"Columbia, Houston! We’re standing by. Over."
We have all seen the footage of man landing on the moon, but a visit to the Kennedy Space Center manages to bring to life the feelings of anticipation, fear and excitement of that moment all over again. This quote from a temporary loss in communication transmission, played as you sit in the control room and watch and hear the steps of that monumental moment was one of the highlights of my visit.
Getting up to KSC on my roadtrip from Miami, I arrived to the Visitor's Center and was directed straight to the bus tour of the greater area around Cape Canaveral to see the famous sites of the NASA Space Program, past and present.
The first takes you to the LC-39 Observation Gantry where a series of short films on the bus and in an onsite theater show you some of the uses of the launch pads and the Vehicle Assembly Building you can see dotted around this Gantry, and also a tribute to the dedicated ground crew who put each and every launch mission into reality.
From the upper level of this Gantry, we could see the SpaceX Falcon 9 on it’s launch pad. When first looking at this visit, the launch was scheduled just 3 days before I was to be there, and then it was changed to the very day. But the night before heading up to Cape Canaveral, and upon checking on the planned launched details, I found that it had been postponed again to launch on the 7th.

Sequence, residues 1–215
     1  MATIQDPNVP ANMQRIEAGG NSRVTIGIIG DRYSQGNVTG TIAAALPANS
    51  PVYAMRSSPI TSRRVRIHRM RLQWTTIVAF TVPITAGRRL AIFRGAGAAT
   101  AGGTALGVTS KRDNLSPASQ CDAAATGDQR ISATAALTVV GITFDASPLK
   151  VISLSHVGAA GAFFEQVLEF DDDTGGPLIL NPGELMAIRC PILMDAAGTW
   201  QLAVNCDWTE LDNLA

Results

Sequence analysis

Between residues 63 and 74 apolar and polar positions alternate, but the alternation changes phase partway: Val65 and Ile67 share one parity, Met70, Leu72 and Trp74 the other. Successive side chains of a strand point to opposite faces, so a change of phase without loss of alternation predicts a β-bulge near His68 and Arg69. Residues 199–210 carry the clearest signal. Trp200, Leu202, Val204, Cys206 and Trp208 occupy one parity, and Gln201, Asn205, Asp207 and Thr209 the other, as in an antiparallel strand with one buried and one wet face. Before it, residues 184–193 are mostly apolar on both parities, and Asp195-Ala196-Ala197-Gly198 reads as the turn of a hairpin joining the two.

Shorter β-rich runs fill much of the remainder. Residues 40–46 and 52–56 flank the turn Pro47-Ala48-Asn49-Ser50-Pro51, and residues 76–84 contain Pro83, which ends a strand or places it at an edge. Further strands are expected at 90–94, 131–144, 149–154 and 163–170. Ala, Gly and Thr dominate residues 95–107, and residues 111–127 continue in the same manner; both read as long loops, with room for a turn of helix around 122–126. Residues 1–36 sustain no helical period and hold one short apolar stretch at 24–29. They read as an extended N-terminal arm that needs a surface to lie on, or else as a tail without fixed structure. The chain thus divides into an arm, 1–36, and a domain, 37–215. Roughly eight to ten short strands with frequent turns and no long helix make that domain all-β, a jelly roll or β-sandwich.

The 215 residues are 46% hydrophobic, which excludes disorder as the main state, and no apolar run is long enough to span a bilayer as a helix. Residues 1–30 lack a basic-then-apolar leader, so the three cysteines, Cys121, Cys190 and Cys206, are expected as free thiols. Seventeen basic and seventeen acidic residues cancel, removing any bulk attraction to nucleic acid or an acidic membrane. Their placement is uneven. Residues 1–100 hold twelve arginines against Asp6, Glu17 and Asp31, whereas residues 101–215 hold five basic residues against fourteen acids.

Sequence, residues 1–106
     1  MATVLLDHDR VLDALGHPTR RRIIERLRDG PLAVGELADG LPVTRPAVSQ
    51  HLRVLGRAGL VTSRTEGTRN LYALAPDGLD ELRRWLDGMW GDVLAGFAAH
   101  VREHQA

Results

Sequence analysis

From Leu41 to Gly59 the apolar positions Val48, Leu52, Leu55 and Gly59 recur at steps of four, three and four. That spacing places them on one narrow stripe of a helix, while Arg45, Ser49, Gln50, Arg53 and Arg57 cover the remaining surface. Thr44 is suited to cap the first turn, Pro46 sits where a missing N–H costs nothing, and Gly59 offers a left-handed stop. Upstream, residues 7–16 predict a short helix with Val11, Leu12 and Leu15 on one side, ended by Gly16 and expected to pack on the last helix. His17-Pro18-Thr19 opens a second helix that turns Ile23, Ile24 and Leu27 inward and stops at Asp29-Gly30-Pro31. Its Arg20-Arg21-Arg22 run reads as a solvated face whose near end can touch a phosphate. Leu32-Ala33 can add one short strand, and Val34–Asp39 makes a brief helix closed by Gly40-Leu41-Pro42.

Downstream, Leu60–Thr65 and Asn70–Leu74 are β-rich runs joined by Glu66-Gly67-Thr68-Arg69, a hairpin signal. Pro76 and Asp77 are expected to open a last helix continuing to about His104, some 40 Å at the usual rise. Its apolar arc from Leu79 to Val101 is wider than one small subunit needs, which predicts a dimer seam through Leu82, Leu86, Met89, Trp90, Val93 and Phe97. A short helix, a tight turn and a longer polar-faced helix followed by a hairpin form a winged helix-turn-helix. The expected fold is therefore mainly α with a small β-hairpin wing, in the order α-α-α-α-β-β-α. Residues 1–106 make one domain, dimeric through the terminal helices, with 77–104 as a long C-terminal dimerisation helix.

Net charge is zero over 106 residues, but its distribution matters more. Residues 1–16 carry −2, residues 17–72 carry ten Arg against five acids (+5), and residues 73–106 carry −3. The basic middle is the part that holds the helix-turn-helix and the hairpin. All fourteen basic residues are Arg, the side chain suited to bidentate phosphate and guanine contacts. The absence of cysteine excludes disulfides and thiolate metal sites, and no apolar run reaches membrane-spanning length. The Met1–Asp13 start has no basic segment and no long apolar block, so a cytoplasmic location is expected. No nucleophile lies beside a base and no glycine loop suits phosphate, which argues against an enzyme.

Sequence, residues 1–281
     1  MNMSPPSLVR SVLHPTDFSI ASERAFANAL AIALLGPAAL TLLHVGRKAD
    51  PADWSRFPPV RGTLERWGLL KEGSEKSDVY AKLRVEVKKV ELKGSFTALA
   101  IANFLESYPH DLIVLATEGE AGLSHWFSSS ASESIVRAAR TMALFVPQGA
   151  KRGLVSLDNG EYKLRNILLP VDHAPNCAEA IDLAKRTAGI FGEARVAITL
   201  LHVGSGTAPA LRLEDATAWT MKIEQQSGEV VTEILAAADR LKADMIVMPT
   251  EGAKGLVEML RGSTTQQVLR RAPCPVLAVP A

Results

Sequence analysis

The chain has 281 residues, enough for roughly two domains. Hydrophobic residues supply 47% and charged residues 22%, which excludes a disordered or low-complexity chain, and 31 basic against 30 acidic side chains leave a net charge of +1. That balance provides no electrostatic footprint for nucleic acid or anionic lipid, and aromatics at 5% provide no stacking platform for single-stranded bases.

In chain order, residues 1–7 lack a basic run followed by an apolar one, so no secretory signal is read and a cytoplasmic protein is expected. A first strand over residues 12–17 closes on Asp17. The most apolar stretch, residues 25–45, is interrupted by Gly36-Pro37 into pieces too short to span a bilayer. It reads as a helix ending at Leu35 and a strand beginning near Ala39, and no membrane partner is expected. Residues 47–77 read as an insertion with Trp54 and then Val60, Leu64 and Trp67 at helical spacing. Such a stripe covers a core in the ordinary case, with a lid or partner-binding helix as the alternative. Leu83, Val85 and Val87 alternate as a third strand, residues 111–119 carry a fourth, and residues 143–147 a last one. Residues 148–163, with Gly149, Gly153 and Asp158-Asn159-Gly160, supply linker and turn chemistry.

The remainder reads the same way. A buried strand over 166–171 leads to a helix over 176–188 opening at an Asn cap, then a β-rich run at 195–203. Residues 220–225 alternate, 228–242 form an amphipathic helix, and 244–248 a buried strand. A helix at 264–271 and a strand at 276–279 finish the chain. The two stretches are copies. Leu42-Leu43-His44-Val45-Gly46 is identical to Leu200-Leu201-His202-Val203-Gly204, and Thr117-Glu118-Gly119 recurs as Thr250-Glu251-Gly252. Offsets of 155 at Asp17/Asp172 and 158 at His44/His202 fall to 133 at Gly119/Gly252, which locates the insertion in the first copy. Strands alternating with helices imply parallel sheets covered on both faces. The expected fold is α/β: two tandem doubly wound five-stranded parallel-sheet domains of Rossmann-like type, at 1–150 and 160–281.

Next, the bus tour takes you to the Apollo/Saturn V Center a little further out, and this took all visitors through the inspiring tale of the Apollo missions, Kennedy’s declaration in the late 60s to aim to land on the moon, and then the missions that succeeding in doing so. One theater took you through the control room goings on as the mission launched, and another theater took you through footage of that first moon landing.
These clips and recounts, even withstanding the brush over of the Russia/US space race and the political messages running through, were really inspiring. For man to set ourselves, through JFK, the seemingly impossible goal of landing on the moon, just after the failed and fatal mission of Apollo 1, and then achieving it - it was hard not to get swept up in it all. The footage of Neil Armstrong talking about nothing being impossible once this achievement was realised was very powerful.
Walking around the Apollo/Saturn V, and seeing spacesuits and kits of the astronauts part of the Apollo program, was an experience in awe.
Returning to the Visitor’s Center, I then walked up to the beautiful Astronaut Memorial, and then over to the Rocket Garden where a cluster of rockets are on display out in the elements.
Checking the time, I had just made the last viewing of the movie Hubble 3D, showing in the onsite IMAX theater. Narrated by Leonardo DiCaprio, this movie included footage from Hubble, but also told the story of Hubble repairs completed, and also of the galaxies Hubble has allowed us to see. These images really brought home what the current work around this mission is about, which the greater understanding, or at least expanding wonder, of the worlds of space around us. The vision of Orion’s Nebula, for example, and an exploding star, was just so beautiful. Plus, the footage from space of our humble Earth is just breathtaking.